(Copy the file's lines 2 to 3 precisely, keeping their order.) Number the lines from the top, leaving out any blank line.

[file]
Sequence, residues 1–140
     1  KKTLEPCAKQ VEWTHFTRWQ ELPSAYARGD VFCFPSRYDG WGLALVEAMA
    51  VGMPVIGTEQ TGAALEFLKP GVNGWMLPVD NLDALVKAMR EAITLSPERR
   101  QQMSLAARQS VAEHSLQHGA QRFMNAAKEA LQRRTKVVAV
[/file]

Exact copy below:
     1  KKTLEPCAKQ VEWTHFTRWQ ELPSAYARGD VFCFPSRYDG WGLALVEAMA
    51  VGMPVIGTEQ TGAALEFLKP GVNGWMLPVD NLDALVKAMR EAITLSPERR